This means eliminating silos, continues Littlefield. “Very often each food processing facility is siloed so a large food manufacturer wouldn’t understand how to track and trace non-conforming or adverse events across different manufacturing facilities. Furthermore, they don’t have the ability to track and understand how lots from one facility move through the distribution system.”
Track-and-trace capabilities can also include the consumer, explains Littlefield. Consumer complaints can connect back to operations or distribution through a CRM system, which can enrich tracking data.
Littlefield offers a conceptualization of the technology architecture. ERP—the backbone of the enterprise orchestrating the various technologies involved within the enterprise—manages orders, inventory and financials. Operating as an extension of ERP is the MES that manages food processing. “Many food-safety issues happen on the shop floor and how and when they occur needs to be understood in order to do forward and backward traceability throughout the supply chain,” he says.
On the supply chain side are WMS solutions like Red Prairie that manage pallets through the warehouse. Another source of traceability is RFID, tracking pallets through the warehouse to the retailer. Here is a look at some of the prevalent technologies in food logistics today.
Barcode Technology: RedPrairie Corp. offers the food industry a strong inventory database model that collects a comprehensive list of inventory attributes for raw materials and finished goods, notes Tom Kozenski, vice president, product strategy for the Milwaukee-based company. “We track the necessary attributes like lot numbers, manufacturing codes, supplier code dates and inventory statuses.”
RedPrairie’s Warehouse Management Solutions can accommodate a variety of technology options, including RFID and barcode (see sidebar “Cabot Creamery Prevents Recall With WMS,” page 20).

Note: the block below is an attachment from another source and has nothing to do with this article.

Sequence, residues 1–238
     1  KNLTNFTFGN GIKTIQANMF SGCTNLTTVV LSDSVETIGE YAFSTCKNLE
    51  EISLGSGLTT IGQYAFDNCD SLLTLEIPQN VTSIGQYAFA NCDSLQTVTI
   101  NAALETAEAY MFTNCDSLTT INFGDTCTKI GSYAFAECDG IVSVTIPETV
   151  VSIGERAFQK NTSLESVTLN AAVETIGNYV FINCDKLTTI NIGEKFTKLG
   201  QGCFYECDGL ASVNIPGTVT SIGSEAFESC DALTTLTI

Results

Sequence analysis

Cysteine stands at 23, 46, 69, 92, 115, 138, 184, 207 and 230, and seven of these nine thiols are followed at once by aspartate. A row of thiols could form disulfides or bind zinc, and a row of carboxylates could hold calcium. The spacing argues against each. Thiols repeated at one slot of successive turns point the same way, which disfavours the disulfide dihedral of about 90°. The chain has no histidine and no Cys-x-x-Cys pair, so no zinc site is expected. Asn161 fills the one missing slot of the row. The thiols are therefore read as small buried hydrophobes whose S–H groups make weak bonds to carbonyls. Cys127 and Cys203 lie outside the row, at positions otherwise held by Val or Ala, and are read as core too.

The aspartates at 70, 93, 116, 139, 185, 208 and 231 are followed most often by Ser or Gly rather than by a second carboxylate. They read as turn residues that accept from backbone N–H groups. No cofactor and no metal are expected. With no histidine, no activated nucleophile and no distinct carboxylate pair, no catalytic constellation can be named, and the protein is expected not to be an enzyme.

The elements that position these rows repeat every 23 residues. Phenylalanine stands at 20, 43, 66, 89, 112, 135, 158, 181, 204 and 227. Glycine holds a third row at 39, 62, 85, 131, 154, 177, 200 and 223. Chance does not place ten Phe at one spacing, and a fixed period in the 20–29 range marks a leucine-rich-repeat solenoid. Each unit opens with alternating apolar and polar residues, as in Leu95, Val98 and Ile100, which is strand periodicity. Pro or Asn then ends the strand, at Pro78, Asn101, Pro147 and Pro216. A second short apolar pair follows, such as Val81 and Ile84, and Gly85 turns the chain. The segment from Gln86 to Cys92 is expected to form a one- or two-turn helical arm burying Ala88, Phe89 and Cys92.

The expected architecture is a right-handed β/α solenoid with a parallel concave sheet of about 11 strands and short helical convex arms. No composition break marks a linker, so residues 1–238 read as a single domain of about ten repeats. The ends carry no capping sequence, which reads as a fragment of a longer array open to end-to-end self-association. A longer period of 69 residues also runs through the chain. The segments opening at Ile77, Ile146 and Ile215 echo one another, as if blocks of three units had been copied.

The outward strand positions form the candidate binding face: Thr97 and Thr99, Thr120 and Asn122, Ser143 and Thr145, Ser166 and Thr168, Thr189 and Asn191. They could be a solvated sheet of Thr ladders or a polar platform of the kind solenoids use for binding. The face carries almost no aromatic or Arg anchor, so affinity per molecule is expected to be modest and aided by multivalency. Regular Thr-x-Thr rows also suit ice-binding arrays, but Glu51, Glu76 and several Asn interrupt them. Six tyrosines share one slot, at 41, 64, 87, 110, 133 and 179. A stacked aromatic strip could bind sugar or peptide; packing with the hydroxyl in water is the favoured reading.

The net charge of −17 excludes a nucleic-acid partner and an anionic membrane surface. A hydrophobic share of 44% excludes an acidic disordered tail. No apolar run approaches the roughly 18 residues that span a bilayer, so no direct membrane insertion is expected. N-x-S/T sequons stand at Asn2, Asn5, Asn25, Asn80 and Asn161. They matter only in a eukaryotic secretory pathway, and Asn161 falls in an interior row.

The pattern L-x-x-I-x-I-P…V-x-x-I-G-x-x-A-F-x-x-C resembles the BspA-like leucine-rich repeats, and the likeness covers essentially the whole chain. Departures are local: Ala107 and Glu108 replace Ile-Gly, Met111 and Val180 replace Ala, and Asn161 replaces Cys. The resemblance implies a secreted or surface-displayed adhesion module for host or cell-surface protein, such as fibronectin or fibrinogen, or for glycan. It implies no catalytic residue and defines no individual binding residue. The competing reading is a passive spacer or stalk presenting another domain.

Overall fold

There is no chance to overlook or omit necessary data, as the system’s discipline forces users to capture data through prompts. Managing quality control in the inspection processes ensures food safety, Kozenski says. “For instance, with a trusted supplier, we might test 10 percent of their products to make sure it passes quality control testing. But for an unknown supplier, we might test 100 percent of their products for quality. This is done in the plant, in the warehouse, and at the processing stations. We can even check quality at suppliers’ facilities because we have Web-based applications we can share with suppliers that allow them to create an inventory and identify the quality status before the products are even picked up.”
Through its transportation application, RedPrairie tracks “inventory in motion,” which can alert a driver not to deliver bad inventory he is carrying on his truck. “From an accountability perspective, the Bioterrorism Act of 2002 requires us to track the carrier, the driver, and even the driver’s license number so we have data pertinent to everyone who touched the inventory,” Kozenski says.
RFID Technology: While some obstacles—primarily cost—still inhibit RFID growth throughout the industry, major pilots and even actual implementations are demonstrating exceptional success. (See sidebar “Hawaii Piloting RFID For Produce Tracking,” page 21).
Ryan at the State of Hawaii believes it is just a matter of time until the price is right for RFID, likening trending technology development to that of computers or cell phones: big, bulky and expensive at first, then smaller and cheaper. “This trend is well established in technology, where you have a few players initially and with more players and technology advances, prices erode; I am seeing that already,” he says.
Beyond just tracking, the industry standard will embrace an enhanced preventive safety approach, Ryan predicts. He says the track-and-trace abilities of barcode offer limited applications for comprehensive food safety. “Traceability is a critical part of food safety and you should be able to monitor temperatures on shipments.”